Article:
Gravely ill, John C. Calhoun came to the Senate one last time to call for the South and North to part ways while still equals.
The session of Congress that opened on December 3, 1849, was regarded by men of the day as the most important ever held, for it was one that could well decide if the Union would endure. The unhappy factionalism caused by territorial expansion had come to a head over the question of California and whether it would be admitted as a free or slave state. Once again, the festering problem of slavery was out in the open, to arouse the worst passions of which the nation was capable. In this situation, the House of Representatives required three weeks and sixty-three ballots to elect a Speaker, and it was apparent that neither that body nor President Taylor was equal to the mounting crisis. The eyes of the country turned, as they had so often in recent years, to the Senate, and in particular to the great triumvirate of Daniel Webster, Henry Clay, and John C. Calhoun.
Clay, the most respected and beloved man in America, began the debate in January with an impassioned plea for moderation and compromise, and as he spoke, men watching John C. Calhoun wondered if the southerner would be able to rally his strength to reply. Wrapped in flannels, the Carolinian was “so pale and thin” that he “looked like a fugitive from the grave.” Once he had been called a “cast-iron man who looks as if he had never been born and could never be extinguished,” but for over a year now his health had been declining; he had fainted three times in the Senate lobby during the previous session, and these days he kept mostly to his room at Hill’s boardinghouse, in pain, racked with coughing, trying desperately to prepare for the ordeal ahead. During the last days of February, 1850, as the breaking point between North and South loomed closer, Calhoun decided that the only way he could present his views was to write them out and have an associate deliver the speech for him.
On Sunday, March 3, word flew through the capital that the South’s great spokesman would come to the Senate chamber the following day for what must surely be his final appearance. Long before the session was called to order, “a brilliant and expectant audience” crowded the galleries and floor of the Senate, awaiting the grim, powerful southerner who was at the very apogee of his fame, the man one southern newspaper called “the moral and intellectual colossus of the age.” Finally there was a stir at the door, and the great, gray-maned head of Calhoun was seen. A hush fell as he entered the chamber and was helped to his seat by friends. As he sank into it, his head was lowered in pain, and his bony, clawlike hands clutched the arms of the chair while he gathered his strength. Then he rose to his feet and stood erect, the wild eyes burning, the mouth a harsh slash across his jaw, and in a strong, clear voice he thanked the Senate for its courtesy, begging its indulgence while a colleague, James Mason of Virginia, read his speech. As Mason read, Calhoun sat “like a disembodied spirit,” his long, black cloak pulled around him, his face drawn and white, and there were those who listened to his words who saw death written upon the South and upon the Union as it was on Calhoun’s face. For it was immediately clear that he had no concessions to make, no compromise to offer. A realist, he knew that compromises are possible only between equals, and the South was no longer the equal of the North, either in economic or political strength.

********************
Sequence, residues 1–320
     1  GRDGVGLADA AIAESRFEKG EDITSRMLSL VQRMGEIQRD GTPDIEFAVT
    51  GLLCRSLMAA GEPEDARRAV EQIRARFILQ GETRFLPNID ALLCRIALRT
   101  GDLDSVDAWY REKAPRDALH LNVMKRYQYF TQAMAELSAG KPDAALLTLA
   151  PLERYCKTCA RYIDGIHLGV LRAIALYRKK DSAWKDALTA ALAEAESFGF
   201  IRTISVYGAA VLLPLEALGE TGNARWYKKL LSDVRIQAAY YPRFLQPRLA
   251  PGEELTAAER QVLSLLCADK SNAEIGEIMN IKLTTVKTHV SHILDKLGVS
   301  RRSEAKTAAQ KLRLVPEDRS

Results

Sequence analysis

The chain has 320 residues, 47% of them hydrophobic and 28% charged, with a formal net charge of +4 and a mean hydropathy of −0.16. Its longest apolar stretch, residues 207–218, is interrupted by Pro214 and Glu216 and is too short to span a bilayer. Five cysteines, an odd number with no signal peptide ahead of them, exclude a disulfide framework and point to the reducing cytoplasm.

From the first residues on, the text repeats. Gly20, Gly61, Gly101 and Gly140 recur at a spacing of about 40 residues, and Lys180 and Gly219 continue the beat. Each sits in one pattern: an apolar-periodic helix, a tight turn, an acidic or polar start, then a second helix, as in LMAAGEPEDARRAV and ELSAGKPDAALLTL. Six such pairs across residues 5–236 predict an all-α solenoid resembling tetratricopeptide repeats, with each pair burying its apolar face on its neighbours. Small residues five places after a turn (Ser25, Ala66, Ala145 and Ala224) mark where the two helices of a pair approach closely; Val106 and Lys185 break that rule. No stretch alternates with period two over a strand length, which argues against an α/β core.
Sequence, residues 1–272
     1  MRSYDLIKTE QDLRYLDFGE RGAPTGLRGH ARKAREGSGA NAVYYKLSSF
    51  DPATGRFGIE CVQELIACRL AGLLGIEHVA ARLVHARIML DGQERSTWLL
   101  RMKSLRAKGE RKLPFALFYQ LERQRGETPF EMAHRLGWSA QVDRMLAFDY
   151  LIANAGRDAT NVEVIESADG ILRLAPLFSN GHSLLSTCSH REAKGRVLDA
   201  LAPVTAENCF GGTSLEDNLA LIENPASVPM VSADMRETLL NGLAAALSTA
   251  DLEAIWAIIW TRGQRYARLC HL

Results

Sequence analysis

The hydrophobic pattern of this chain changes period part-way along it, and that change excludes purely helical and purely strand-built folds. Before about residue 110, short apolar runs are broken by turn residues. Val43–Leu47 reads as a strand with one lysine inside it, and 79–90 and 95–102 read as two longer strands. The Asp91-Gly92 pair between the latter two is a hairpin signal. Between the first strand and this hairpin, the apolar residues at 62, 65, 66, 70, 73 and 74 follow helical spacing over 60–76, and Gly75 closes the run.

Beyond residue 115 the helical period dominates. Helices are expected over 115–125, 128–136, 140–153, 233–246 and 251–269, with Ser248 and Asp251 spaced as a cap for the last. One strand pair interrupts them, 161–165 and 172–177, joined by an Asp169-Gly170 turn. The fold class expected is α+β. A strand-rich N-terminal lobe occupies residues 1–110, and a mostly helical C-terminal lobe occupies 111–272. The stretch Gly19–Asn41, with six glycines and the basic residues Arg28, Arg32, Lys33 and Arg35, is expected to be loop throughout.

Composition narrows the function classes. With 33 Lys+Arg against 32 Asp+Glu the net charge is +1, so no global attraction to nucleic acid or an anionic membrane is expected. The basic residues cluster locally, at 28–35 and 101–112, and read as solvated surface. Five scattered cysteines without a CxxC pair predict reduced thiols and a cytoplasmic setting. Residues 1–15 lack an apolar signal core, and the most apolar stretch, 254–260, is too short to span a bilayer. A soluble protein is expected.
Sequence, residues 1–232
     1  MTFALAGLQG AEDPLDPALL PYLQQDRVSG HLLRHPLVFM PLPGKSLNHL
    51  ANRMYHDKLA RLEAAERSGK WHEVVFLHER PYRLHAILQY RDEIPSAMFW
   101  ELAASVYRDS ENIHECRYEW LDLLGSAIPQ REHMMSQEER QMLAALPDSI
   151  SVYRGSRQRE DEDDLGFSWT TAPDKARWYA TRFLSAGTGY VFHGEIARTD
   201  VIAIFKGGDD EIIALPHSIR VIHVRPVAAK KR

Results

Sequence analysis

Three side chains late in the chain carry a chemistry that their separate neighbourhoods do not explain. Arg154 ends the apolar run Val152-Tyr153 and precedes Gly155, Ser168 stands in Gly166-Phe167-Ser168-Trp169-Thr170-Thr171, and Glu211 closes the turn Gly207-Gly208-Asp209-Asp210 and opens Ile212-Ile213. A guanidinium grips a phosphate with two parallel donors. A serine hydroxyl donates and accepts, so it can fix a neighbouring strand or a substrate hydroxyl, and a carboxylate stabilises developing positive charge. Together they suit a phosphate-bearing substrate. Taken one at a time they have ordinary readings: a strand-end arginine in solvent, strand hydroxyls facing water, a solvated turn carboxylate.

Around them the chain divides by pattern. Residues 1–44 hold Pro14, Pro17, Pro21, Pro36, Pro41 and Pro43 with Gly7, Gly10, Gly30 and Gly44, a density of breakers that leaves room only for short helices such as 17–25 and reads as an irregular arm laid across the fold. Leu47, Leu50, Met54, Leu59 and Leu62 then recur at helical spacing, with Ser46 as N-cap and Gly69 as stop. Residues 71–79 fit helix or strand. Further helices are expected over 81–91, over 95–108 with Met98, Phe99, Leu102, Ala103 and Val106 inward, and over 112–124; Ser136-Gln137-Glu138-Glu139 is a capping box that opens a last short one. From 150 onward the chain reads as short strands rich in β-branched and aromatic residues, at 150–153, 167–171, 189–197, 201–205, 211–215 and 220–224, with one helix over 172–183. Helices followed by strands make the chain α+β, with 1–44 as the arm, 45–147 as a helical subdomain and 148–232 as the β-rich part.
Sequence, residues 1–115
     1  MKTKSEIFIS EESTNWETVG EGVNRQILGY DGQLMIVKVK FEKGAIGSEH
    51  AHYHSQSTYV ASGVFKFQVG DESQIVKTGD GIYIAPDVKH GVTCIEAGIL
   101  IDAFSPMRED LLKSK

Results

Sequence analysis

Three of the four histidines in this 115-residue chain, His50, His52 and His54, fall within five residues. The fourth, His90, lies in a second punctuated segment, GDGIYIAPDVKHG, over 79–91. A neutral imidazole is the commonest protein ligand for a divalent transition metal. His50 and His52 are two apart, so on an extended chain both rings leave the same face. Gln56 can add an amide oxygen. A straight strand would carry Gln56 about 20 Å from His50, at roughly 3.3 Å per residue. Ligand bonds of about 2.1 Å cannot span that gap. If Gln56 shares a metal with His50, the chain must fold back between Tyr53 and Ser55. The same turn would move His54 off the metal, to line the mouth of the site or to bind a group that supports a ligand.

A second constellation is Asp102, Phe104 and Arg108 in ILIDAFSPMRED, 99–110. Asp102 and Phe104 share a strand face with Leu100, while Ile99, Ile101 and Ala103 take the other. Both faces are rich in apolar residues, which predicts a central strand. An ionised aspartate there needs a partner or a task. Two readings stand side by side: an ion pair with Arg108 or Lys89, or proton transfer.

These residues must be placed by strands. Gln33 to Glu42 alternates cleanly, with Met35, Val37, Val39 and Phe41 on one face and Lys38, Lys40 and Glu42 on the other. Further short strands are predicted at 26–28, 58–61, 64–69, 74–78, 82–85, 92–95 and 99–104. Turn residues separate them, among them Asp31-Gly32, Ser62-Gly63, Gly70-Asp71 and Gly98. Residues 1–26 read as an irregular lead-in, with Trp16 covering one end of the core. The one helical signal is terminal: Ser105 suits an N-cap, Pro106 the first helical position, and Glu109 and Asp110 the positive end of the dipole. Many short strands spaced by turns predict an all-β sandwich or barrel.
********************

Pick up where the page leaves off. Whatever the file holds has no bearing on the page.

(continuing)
His address traced the causes of the South’s discontent, spoke of the growing concentration of power in the central government, described how the rights of the states had been swept away and control of the central government seized by the North, and bemoaned the fact that even spiritual ties between the sections—those represented by churches and political parties—were breaking up. Unless the North would concede the South equal rights in the new territories, he said, give up the fugitive slaves it was protecting, cease the “agitation of the slave question,” and restore “the original equilibrium between the two sections,” the North and South should agree to part in peace.
A more than most of his contemporaries, Calhoun knew that time was running against the South; he perceived the significance of the North’s population growth, of its material strength, of its deep popular feeling against any extension of slavery. In urging the South to secede, he was prompted by a belief that it must do so at once, acting while it had the strength to get out of the Union and stand alone. To compromise now was only to patch up the burning issue temporarily, for the Union could not endure. Calhoun argued, when the Constitution was used to defeat the very ends it was written to maintain. He believed that the goal of democracy is equity, not equality, and that it was not democracy when “fifty-one per cent of the people have a moral right to coerce forty-nine per cent.” If popular majority became the ultimate law, he argued, the Constitution would be so much scrap paper.
Even as his last words were heard in the Senate, Calhoun knew that he had failed, and four weeks later, on March 31, he was dead. Bells tolled the news that the South’s champion was gone, causing one man to observe that his philosophy had summed up “a whole people and a whole civilization.” A similar thought crossed the mind of a Yankee soldier, some fifteen years later. As he stood amid the ruins of Charleston, South Carolina, and looked down upon Calhoun’s tomb, it occurred to him that “the whole South is the grave of Calhoun.”